Custodians Found Napping Puts Focus On Worker Fatigue

Two Canberra Hospital cleaners have been fired for falling asleep during an unpaid break at 4am, according to an article on The Canberra Times website. The workers fell asleep in the day surgery waiting area of an Australian hospital — behavior the cleaning contractor labeled a "serious breach" of the company's code of conduct.

As cleaning workers are expected to tackle more square footage in the same or less amount of time, occurrences like this become more common. Also, many cleaning jobs are secondary shift work positions and involve employees who are reporting to work already exhausted. (Click here to learn more about fatigue in the workplace and signs to watch for.)

While shift work can create potential productivity advantages, it also has many inherent risks. According to the National Sleep Foundation, some of the most serious and persistent problems shift workers face are frequent sleep disturbance and associated excessive sleepiness.

Custodial shift workers are most likely to suffer injuries and illnesses caused by drowsiness and fatigue, as these employees tend to work against their natural body clock — fighting to stay awake during the night or early morning hours, when they are programmed to sleep, and sleep during the day, when they are programmed to be awake.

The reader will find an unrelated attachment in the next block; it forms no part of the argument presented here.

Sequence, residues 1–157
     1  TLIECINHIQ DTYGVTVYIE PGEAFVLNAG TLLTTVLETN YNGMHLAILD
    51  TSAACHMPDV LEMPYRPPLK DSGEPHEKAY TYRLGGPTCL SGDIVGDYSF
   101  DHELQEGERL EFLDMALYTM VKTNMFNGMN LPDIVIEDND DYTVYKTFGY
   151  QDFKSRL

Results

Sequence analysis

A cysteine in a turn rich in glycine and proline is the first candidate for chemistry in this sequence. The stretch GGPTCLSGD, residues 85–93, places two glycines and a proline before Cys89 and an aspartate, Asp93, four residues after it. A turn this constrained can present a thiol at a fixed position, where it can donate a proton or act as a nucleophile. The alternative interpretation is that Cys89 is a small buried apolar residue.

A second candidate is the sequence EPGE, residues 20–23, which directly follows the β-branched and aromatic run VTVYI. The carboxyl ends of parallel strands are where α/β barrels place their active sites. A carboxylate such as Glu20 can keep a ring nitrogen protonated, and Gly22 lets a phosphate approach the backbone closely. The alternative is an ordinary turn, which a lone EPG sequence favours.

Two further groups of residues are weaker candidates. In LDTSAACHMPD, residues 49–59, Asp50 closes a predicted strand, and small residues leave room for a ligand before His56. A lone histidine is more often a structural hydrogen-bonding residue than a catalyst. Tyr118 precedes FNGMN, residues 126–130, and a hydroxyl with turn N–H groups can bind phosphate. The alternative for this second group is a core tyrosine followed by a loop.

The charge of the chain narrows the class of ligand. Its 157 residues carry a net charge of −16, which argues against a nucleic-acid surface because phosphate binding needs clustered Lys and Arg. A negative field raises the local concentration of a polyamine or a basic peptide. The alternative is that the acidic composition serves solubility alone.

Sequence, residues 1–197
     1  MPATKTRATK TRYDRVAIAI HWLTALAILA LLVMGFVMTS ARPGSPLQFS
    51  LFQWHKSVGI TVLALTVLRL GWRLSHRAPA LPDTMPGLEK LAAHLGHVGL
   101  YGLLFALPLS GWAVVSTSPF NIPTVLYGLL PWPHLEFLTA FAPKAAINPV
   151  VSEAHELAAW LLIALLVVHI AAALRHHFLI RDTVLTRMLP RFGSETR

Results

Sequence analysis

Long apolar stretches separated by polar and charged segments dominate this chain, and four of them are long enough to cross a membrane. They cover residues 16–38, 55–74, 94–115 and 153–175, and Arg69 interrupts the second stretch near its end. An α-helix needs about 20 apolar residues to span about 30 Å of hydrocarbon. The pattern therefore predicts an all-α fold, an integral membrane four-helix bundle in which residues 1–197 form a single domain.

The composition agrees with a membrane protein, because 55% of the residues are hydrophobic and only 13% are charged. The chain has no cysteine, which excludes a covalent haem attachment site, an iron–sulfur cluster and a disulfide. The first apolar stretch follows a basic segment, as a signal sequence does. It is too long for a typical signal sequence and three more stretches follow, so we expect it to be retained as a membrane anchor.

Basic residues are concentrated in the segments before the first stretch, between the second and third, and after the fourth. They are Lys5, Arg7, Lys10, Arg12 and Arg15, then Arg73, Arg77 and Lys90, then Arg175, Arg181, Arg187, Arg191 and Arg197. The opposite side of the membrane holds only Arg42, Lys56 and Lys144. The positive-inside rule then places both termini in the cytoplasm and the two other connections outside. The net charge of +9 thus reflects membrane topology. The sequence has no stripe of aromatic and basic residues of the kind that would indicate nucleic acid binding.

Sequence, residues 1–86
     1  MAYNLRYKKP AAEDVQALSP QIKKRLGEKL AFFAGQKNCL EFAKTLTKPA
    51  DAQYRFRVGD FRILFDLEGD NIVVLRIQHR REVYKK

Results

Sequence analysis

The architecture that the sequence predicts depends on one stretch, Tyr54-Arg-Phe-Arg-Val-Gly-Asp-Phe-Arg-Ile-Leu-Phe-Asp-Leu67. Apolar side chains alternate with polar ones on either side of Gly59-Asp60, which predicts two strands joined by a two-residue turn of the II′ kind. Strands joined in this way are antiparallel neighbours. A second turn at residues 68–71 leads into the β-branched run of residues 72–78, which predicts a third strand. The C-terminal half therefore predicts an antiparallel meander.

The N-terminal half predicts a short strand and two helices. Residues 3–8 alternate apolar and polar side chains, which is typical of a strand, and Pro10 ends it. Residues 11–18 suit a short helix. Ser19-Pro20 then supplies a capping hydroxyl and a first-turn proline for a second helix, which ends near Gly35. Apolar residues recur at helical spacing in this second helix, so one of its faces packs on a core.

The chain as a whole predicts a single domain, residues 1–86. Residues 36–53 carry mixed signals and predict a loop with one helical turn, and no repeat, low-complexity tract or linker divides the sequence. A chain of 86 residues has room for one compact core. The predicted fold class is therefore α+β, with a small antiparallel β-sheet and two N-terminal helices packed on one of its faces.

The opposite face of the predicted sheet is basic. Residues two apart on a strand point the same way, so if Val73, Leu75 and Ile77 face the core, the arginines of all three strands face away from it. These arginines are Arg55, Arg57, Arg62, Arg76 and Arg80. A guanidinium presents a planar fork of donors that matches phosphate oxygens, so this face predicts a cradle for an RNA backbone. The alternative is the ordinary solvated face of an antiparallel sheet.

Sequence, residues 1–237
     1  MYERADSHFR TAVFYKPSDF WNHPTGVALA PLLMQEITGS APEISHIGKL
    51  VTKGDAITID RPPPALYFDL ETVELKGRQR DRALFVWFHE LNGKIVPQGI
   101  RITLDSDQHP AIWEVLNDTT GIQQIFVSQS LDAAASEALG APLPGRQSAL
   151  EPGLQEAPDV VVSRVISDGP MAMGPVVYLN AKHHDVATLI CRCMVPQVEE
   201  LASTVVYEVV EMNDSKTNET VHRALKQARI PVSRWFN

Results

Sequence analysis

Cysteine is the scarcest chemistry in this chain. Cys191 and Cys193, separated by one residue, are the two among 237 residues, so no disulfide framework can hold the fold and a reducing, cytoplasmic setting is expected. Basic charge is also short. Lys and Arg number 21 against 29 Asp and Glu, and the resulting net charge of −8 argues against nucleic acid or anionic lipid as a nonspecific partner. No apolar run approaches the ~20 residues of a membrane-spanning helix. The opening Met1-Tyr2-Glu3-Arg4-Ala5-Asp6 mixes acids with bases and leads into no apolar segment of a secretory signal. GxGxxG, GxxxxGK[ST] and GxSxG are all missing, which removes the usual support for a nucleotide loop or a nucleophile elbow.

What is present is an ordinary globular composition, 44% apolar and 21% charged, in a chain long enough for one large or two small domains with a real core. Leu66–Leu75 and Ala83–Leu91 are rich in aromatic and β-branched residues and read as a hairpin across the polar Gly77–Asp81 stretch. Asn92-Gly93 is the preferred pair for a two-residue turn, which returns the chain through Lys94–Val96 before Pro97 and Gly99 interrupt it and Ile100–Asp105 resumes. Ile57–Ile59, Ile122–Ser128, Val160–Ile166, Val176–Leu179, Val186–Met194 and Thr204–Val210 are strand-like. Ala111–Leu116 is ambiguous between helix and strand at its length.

In the case of the Australian workers, after being contacted by The Canberra Times, the cleaning contractor reportedly told the two women it was reviewing their terminations.

The pair said they accidentally fell asleep on their unpaid breaks after working five or six hours without taking their paid break. They admitted to having received a warning about a year ago for sleeping at work, however this time they were on their break.

While union United Voice has maintained the women did nothing wrong by sleeping on their break, the workers wrote contrite letters of apology to the company begging to keep their jobs, but were still let go.